1. A.I. Sajib
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    A.I. Sajib New Member

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    Confusion between singular and plural

    Discussion in 'Word Mechanics' started by A.I. Sajib, May 13, 2015.

    Hi guys, I've been watching this forum for quite a while now and this is the first time I'm opting to post. I hope this is the right sub-forum to post my question.

    Without wasting too much of your time, here's my question:

    In the following examples, should I use a singular or plural form?

    There is a good number of tips on this article.
    David as well as his roommate wants to go to movie this weekend.
     
  2. Wreybies
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    Wreybies The Ops Pops Operations Manager Staff Contest Administrator Supporter Contributor

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    The first one is easy:

    There is a good number of tips on this article.

    The verb is agreeing with number, which is a singular, thus singular. The plurality if tips lies on the other side of a prepositional boundary (of tips), thus it does not control.

    The second is a little trickier:

    David as well as his roommate wants to go to [a] movie this weekend.

    It's trickier because the construction is unusual. Were I to stick to your exact wording, I would write it thus:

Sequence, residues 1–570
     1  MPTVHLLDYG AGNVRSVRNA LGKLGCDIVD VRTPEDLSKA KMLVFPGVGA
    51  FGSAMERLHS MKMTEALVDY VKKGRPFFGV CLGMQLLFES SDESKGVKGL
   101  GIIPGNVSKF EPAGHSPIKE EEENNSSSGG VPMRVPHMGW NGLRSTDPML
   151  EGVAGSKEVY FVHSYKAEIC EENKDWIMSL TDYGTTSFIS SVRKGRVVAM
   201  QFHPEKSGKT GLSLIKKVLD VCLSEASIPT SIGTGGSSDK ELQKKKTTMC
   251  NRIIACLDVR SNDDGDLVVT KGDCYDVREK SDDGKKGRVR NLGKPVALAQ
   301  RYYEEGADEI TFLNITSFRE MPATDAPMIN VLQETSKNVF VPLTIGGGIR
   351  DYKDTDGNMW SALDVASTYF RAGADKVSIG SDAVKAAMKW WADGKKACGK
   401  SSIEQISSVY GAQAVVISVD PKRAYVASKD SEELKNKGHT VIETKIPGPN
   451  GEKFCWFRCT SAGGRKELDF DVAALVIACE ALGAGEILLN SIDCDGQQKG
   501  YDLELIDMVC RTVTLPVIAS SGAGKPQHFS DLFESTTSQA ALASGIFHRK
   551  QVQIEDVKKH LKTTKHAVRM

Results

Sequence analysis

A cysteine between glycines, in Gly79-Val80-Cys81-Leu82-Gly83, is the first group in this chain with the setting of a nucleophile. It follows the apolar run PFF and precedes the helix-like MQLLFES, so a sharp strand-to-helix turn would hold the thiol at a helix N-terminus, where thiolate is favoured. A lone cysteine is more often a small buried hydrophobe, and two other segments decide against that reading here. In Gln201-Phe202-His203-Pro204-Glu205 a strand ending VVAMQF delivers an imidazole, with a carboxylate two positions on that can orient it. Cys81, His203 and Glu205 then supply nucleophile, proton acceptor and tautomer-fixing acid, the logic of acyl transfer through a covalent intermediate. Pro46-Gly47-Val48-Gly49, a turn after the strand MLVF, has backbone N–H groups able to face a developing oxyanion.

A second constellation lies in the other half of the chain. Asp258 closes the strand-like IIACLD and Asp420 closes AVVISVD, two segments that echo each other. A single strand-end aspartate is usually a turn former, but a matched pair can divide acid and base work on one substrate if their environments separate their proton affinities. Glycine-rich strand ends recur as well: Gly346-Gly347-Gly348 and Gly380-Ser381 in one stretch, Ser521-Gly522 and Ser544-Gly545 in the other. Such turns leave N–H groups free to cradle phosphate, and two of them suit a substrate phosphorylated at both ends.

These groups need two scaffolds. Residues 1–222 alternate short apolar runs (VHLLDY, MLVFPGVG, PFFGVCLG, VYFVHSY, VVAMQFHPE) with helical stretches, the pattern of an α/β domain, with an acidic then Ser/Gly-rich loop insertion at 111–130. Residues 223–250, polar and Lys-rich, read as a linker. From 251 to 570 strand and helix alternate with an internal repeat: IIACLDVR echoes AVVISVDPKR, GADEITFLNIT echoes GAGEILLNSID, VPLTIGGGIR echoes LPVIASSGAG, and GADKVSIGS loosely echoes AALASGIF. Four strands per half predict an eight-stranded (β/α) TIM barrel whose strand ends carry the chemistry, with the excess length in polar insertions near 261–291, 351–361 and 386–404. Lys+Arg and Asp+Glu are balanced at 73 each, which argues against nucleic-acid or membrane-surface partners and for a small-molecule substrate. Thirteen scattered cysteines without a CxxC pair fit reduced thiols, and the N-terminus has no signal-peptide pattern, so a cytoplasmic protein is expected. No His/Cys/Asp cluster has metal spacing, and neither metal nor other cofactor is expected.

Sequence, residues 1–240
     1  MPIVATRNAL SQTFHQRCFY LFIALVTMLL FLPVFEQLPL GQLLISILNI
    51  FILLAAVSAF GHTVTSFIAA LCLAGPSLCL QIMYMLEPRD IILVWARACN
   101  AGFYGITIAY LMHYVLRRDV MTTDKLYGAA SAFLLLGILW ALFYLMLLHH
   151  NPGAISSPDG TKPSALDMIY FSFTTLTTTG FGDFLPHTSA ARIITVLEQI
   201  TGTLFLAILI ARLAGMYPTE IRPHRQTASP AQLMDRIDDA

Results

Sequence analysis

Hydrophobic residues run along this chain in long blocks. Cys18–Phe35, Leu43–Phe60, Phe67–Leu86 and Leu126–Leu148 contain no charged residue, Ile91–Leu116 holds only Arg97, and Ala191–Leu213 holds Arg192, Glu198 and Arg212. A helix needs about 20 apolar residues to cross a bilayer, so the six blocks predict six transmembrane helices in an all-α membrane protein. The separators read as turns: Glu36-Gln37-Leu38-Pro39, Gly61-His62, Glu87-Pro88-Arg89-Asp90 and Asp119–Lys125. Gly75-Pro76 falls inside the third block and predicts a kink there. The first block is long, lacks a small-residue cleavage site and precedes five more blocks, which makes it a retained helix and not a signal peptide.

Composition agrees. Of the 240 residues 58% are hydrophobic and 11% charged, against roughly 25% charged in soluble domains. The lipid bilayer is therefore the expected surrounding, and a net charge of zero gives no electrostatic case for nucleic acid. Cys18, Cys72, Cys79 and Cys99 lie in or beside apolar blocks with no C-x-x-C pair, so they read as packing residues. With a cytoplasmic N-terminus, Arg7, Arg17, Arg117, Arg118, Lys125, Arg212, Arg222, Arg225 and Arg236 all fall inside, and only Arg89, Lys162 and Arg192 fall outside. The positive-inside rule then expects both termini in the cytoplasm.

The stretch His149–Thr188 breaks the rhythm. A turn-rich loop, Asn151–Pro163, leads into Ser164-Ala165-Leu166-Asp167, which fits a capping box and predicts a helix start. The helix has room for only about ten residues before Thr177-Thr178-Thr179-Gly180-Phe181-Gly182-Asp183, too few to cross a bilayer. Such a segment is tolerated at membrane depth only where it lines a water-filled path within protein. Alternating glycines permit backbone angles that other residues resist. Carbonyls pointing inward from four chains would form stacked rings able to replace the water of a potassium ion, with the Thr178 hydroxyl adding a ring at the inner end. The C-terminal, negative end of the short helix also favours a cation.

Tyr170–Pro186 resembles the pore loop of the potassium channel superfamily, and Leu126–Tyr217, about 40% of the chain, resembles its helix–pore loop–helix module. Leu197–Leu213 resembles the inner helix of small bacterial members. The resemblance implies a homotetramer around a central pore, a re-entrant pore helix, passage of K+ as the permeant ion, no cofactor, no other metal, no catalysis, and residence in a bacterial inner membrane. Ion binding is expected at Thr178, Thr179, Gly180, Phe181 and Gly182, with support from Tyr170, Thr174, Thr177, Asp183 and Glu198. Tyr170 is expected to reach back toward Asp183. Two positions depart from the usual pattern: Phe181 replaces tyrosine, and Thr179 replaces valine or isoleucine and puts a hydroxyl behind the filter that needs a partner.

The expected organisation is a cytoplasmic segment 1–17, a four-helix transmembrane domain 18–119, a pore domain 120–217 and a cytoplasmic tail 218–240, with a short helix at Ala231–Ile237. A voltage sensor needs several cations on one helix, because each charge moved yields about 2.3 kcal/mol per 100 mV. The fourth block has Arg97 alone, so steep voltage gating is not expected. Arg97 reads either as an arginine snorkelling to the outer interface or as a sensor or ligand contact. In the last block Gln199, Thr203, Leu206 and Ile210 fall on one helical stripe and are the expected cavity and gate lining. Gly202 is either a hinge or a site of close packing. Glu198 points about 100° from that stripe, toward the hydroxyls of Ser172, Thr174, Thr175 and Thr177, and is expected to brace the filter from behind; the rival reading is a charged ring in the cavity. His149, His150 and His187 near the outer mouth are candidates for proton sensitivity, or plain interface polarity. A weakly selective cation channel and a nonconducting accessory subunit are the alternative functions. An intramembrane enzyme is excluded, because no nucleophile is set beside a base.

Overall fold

David, as well as his roommate, wants to go to [a] movie this weekend.


    In this case, I would leave the verb in the singular because as well as his roommate is a parenthetical aside and a separate clause. To make it plural, it would need to be a more obvious part of the clause structure that precedes.

    David and his roommate want to go to [a] movie this weekend.
     
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  3. A.I. Sajib
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    A.I. Sajib New Member

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    Thanks! I admit it is a poor example. I remember having to write this as well as several times before, but I can't quite remember a good example of that. So I just made it up to understand if I should still use singular verb when I'm adding more than one subject using as well as. Hope that makes sense. :)
     
  4. A.I. Sajib
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    A.I. Sajib New Member

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    How about the following:

    Here's a couple more options.
    There are quite a few options to approach this.
     
  5. Stacy C
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    Stacy C Banned

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    Here are a couple of more options. (Though modern usage has almost made your construction the most common, if not correct.)

    There are quite a few ways (I would say) to approach this.
     
  6. GingerCoffee
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    GingerCoffee Web Surfer Girl Contributor

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    But @Wreybies, "a number of" is plural. Number, alone is singular, but 'number of' is like 'couple'. 'A couple' is singular, but 'a couple of' is plural.

    There is a couple of dogs there? Even if it were technically correct in some grammar textbook buried on the shelf behind an ancient English professor's desk, it doesn't sound right.
     
  7. Wreybies
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    Wreybies The Ops Pops Operations Manager Staff Contest Administrator Supporter Contributor

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    @Stacy C is correct. The difference between the original example you gave and this newer example is the presence or absence of a preposition.

    In the original:

    • There is a good number [of tips on this article].